Four Unknowns as Treasury Readies Report on Tax Regulations

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By Alison Bennett

Anticipation is building—and so are questions—as the Treasury Department prepares the first report for the White House on tax guidance it thinks merits action under a presidential order.

The “interim report” is due June 21, 60 days after President Donald Trump took the unprecedented step of ordering Treasury to review all tax guidance issued during the final year of the Obama administration and recommend whether “significant” regulations should be withdrawn, substantially changed, or kept.

The executive order is part of Trump’s campaign against federal regulations, which he kicked off in January with a government-wide regulatory freeze.

As the June 21 deadline approaches, tax professionals and former government officials said several critical issues need answers.

1. What regulations will Treasury flag for action?

Companies and industry groups have been lobbying vigorously, including the U.S. Chamber of Commerce, the National Foreign Trade Council, the United States Council for International Business, and the American Institute of CPAs.

Controversial debt-equity rules under tax code Section 385 are likely to be at the top of the list, Lisa Zarlenga, former Treasury tax legislative counsel and now a partner at Steptoe & Johnson LLP, told Bloomberg BNA. She said every letter sent to Treasury asked that the rules—intended to stop multinational companies from “stripping” income out of the U.S. via loans—be eased or withdrawn.

Nancy McLernon, who heads the Organization for International Investment—one of the most outspoken opponents of the rules—said her group has been involved in talks with Treasury on the issue, but it’s too soon to say what the agency might do.

Other major regulations—all the target of intense criticism—could be on the agency’s list, Zarlenga said. These could include rules to limit the use of intangibles to move income offshore, reduce avoidance by use of foreign tax credits, stop foreign investors from ducking the U.S. dividend tax, and ensure fair play in reporting foreign currency transactions.

2. What will the report look like? Will it be published?

No one knows what the format of the report might be. If it’s merely a list of regulations Treasury is considering for action, without further detail, it could lead to confusion and uncertainty, according to John Harrington, a former Treasury international tax counsel.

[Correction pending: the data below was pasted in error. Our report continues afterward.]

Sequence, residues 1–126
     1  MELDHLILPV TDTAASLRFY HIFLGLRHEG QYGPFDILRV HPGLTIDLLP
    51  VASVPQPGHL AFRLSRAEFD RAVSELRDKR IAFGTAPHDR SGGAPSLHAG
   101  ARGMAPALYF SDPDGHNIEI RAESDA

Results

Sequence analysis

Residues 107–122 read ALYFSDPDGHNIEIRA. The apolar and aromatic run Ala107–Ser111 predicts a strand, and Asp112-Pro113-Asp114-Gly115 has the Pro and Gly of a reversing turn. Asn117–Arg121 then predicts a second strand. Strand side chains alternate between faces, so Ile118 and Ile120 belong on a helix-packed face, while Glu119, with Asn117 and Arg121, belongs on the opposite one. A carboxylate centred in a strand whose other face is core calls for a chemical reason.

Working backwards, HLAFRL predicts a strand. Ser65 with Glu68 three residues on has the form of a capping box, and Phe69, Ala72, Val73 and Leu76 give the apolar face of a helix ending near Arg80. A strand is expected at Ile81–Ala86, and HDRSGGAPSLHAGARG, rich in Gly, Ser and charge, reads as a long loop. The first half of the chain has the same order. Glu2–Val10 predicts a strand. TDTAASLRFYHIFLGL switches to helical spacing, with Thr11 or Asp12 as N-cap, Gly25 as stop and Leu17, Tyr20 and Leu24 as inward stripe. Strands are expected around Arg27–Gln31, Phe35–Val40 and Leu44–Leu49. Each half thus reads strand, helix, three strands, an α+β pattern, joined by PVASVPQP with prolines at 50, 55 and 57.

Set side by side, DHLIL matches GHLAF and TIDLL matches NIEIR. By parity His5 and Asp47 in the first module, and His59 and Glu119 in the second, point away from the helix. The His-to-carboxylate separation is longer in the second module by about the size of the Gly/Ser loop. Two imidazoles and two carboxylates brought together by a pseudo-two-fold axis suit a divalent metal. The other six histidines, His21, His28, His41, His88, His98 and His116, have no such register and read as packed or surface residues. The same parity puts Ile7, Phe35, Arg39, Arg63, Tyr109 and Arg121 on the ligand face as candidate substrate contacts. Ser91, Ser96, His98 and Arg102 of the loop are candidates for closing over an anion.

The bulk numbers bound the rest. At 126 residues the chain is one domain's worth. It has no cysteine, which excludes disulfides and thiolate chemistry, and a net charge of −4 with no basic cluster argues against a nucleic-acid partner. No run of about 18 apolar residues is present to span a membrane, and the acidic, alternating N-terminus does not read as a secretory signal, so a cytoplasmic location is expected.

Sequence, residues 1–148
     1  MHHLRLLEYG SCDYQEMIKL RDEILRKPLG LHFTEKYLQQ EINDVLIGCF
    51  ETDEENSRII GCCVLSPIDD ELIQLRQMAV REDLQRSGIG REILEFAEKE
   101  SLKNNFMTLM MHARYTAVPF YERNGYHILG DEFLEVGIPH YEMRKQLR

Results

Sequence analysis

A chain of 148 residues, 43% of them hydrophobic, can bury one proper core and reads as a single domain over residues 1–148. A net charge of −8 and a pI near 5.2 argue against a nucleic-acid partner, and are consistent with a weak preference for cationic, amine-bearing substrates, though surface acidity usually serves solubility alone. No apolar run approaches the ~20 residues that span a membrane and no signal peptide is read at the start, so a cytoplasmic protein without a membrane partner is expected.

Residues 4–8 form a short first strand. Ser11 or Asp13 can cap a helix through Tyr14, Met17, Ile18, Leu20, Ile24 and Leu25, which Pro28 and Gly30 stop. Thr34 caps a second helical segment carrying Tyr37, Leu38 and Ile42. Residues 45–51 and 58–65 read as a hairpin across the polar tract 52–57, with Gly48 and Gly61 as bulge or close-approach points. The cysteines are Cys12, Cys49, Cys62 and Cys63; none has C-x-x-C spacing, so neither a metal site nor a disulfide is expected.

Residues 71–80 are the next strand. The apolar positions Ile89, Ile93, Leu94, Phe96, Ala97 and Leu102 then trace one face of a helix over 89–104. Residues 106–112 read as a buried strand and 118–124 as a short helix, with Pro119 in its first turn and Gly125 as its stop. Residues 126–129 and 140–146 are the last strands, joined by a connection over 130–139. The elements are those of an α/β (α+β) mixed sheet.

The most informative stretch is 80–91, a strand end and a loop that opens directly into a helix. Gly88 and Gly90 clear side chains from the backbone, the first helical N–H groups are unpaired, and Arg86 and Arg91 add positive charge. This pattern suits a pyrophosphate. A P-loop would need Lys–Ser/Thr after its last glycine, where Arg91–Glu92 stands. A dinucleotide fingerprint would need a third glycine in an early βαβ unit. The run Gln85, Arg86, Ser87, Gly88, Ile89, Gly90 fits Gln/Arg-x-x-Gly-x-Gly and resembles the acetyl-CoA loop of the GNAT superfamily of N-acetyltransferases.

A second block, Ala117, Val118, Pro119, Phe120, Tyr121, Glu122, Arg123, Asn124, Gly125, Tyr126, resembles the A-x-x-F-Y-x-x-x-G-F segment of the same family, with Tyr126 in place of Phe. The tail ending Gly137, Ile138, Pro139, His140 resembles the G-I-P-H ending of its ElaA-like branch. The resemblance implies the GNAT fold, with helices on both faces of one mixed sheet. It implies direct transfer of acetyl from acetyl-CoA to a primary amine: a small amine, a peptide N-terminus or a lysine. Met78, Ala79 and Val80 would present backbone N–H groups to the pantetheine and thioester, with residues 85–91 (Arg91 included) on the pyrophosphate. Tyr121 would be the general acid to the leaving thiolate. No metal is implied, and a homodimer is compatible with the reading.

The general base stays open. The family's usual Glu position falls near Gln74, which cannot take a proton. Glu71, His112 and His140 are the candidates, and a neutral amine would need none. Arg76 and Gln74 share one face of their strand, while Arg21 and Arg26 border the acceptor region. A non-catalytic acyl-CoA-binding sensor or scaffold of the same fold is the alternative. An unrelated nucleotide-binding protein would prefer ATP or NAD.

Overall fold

Taxpayers could face unnecessary compliance burdens, he told Bloomberg BNA. That’s particularly true, he said, for regulations that may not go into effect until next year. One example, he said, is the Section 385 rules. As of Jan. 1, 2018, taxpayers must document their loans to prove they’re genuine.

For these and other regulations, “You don’t want to learn in December that you’ve taken all the steps to comply, only to find out they want to repeal the rules,” Harrington, now a partner with Dentons US LLP, told Bloomberg BNA.

Both Harrington and Mark Mazur, the most recent Treasury assistant secretary for tax policy, said it’s probably tough for Treasury to go into a great deal of detail, with a shortage of the political employees required to sign off at multiple levels.

It isn’t yet known whether Treasury will publish the interim report, an action not required by the executive order. The agency only has to make specific recommendations in the final report, which must be published in the Federal Register “upon submitting it to the President.”

3. How has Treasury applied the unprecedented review criteria?

Adding to the mystery is the unique set of criteria the White House set out for scrutinizing the guidance. Officials are expected to evaluate whether regulations impose an undue burden, cost too much, or exceed the statutory authority of Treasury or the Internal Revenue Service.

Questions abound on how to determine a regulation’s cost and burden, and the former officials said it’s highly unlikely that anyone who worked on the rules during the Obama administration would ever say Treasury and the IRS didn’t have the authority to write them.

Mazur said the department’s job is made more challenging by the lack of officials such as a new Treasury assistant secretary for tax policy, various deputy assistant secretaries in tax positions, and an international tax counsel hurting the process. Without these appointees to serve as additional levels of review, it could be tough to make final decisions as to whether guidance meets the new standards, he said.

It remains unclear, he said, how Treasury will make the decisions on what goes in the interim report.

4. What happens if a regulation is—or isn’t—on the list?

Both Zarlenga and Harrington said taxpayer reaction could span the gamut if a regulation they campaigned against is on the June 21 list—but a lot depends on the level of detail provided in the list.

Zarlenga said taxpayers are likely to continue to press Treasury for information and action, while Harrington said, “You’d like to know sooner rather than later.”

Harrington said there is also a concern about the fate of regulations that don’t end up on Treasury’s action list. “Just because a regulation isn’t on the list, does that mean Treasury and IRS aren’t going to be working on other regulations?” he said. “You would hope not.”

To contact the reporter on this story: Alison Bennett in Washington at

To contact the editor responsible for this story: Meg Shreve at

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